Damage to the lung tissues cause by overinflation of alveoli. A pulmonary capillary is stressed by overdistention and ruptures alveolar, endothelial or basal membranes
What is atelectrauma?
It is the cyclic opening and collapse of alveoli during positive pressure ventilation increases stretch and shear forces resulting in lung injury and surfactant dysfunction.
What is biotrauma?
Lung injury caused by the release of proinflammatory mediators such as cytokines. Basically over-ventilation cause the body to activate it's inflammatory response system which ends up damaging the lungs, filling them with fluid.
What is the respiratory rate control?
The control that determines the number of mechanical breaths delivered by the ventilator per minute
What is the adjustable rate on most standard adult ventilators?
When is the respiratory rate set?
Only set when using a mode of ventilation that delivers controlled (machine) breaths - pressure or volume ventilation
What initial settings would you use for respiratory rate?
You would use 8-12 bpm. Some patients may require higher (12-18)
What would happen to the VE & PaCO2 if you decrease the RR?
A decrease in RR = decrease in VE = increase in PaCO2
What would happen to the VE & PaCO2 if you increase the RR?
An increase in RR = increase in VE = decrease in PaCO2
What level should the plateau pressure be maintained at if possible?
< 30 cmH2O
What would happen if the plateau is increased higher than 30?
There are increased mortality rates
What is the Total Cycle Time?
It is the total amount of time for an inspiration and expiration to occur.
What is the formula for Tct?
Tct = Ti + Te
How would you find out the frequency (how many cycles occur in a minute)?
Take the cycle time and divide it into 60 seconds.
f = 60 / Tct
What is a sensitivity control?
It determines the amount of patient effort that is required to initiate or trigger a mechanically supported breath.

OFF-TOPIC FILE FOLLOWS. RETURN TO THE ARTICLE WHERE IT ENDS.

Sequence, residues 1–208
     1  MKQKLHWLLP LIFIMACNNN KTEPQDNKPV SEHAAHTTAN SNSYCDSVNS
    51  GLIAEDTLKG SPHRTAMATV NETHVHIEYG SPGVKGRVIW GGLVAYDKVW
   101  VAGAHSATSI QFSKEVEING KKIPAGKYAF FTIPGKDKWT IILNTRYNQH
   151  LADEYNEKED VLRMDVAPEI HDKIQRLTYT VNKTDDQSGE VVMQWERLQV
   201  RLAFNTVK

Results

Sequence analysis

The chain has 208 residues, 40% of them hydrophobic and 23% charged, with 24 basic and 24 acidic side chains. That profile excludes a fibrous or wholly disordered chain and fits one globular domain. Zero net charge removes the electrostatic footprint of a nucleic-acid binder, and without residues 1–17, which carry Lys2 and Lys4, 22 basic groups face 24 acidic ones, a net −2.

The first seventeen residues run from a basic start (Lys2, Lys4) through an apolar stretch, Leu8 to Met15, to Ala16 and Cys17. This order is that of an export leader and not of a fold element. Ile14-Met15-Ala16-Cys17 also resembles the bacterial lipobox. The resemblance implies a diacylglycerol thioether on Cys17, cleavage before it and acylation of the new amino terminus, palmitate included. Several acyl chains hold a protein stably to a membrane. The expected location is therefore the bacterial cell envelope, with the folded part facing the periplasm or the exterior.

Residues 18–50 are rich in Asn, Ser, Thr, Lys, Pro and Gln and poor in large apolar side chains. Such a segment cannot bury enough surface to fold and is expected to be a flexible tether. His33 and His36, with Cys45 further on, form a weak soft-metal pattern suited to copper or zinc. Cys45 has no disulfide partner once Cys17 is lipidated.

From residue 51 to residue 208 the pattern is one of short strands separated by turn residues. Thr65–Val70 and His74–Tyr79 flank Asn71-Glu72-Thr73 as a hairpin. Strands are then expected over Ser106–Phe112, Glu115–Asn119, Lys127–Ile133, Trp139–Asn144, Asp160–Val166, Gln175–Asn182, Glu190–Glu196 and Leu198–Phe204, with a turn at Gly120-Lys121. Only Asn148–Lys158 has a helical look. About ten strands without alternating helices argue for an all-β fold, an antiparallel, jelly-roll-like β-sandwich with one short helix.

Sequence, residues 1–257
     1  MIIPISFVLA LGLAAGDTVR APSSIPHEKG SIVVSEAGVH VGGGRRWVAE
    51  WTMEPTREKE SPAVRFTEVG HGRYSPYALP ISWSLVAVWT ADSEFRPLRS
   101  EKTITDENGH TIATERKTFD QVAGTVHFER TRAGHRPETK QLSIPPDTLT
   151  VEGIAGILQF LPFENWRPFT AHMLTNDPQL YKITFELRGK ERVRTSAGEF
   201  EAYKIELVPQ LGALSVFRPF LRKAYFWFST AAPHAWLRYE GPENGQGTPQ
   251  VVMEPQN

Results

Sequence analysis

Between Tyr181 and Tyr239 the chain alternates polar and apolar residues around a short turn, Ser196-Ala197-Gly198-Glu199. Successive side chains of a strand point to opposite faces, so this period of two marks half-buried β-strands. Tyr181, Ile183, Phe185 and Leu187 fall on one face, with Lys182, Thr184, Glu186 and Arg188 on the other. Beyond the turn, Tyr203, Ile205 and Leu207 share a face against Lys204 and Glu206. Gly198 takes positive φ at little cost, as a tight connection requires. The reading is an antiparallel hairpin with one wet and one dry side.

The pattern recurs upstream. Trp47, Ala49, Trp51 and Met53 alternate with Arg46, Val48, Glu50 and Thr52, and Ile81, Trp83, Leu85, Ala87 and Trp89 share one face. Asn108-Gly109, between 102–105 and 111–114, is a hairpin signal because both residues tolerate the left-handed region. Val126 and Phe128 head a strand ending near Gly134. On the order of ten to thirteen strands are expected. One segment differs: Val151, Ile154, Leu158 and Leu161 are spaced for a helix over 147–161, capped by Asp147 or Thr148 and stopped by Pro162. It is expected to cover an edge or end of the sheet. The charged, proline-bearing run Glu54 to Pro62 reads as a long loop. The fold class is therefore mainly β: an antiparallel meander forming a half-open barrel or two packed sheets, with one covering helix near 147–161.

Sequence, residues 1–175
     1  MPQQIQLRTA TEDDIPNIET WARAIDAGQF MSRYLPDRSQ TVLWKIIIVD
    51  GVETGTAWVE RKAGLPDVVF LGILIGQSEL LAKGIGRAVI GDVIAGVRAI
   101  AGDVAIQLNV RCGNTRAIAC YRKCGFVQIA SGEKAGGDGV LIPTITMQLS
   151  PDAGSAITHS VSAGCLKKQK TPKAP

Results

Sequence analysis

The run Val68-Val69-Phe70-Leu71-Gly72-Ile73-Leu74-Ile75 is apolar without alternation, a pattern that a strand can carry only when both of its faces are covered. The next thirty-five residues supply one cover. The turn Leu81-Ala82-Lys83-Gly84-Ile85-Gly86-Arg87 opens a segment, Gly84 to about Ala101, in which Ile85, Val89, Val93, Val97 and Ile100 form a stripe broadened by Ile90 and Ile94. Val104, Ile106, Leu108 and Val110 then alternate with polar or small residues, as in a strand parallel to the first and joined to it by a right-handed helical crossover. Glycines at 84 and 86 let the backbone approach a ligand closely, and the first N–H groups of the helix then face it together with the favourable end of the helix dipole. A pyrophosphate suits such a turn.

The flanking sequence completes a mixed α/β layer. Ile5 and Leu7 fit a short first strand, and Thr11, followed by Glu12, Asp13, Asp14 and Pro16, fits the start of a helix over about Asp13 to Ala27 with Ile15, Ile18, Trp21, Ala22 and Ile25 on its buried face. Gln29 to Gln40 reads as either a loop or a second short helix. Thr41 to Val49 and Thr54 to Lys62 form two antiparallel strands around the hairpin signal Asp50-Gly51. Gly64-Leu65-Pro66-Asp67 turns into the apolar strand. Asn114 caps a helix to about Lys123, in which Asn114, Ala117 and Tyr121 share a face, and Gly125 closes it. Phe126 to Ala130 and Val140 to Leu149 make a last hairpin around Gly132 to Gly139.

Historically, what was the sensitivity control?
It was a pressure trigger with the patient required to produce enough negative pressure to meet the setting and trigger the breath.
What does flow sensitivity provide?
It provides a continuous flow through the circuit and the ventilator "senses" when the flow drops to a specified level and a mechanical breath is initiated.
What should the pressure sensitivity level be set to?
-1 to -2 cmH2O
What should the flow sensitivity be set to?
There is no standard, but continuous flow should usually be at least 4 or 5 LPM w/ a trigger flow of 1 to 2 LPM
What is the Peak flow control and what does it do?
It determines the speed at which the mechanical breath is delivered to the patient. It is how fast or how slow the breath is delivered.
How does adjusting the flowrate affect the PIP?
It alters it because of airway resistance.
If the flowrate is increased, what happens to the PIP?
It increases the PIP and the breath is delivered faster therefore decreased inspiratory time.
If the flowrate is decreased, what happens to the PIP?
It decreases the PIP and the breath is delivered slower, therefore increasing the inspiratory time.
What are the adjustable ranges for Peak flow?
It can range from 20 to 120 LPM
You want to achieve an inspiratory time of what with an I:E ratio of what?
Inspiratory time of 0.8-1.2 seconds with a ratio of 1:4, but no less than 1:2.
What are the initial settings for Peak flow? As in, what should you start the patient on?
When is the only time you can set peak flow?
During volume ventilation.
Why can't peak flowrate be set on pressure ventilation?
It cannot be set because flowrates vary in pressure ventilation based on inspiratory time, set presure, lung compliance and patient demand.
What happens if you are unable to maintain an I:E ratio of 1:1 or more?
It iwll result in an inverse ratio situation, aka a longer inspiration time than expiration. It will also result in air-trapping, increased pressures, decreased venous return and higher risk of VILI.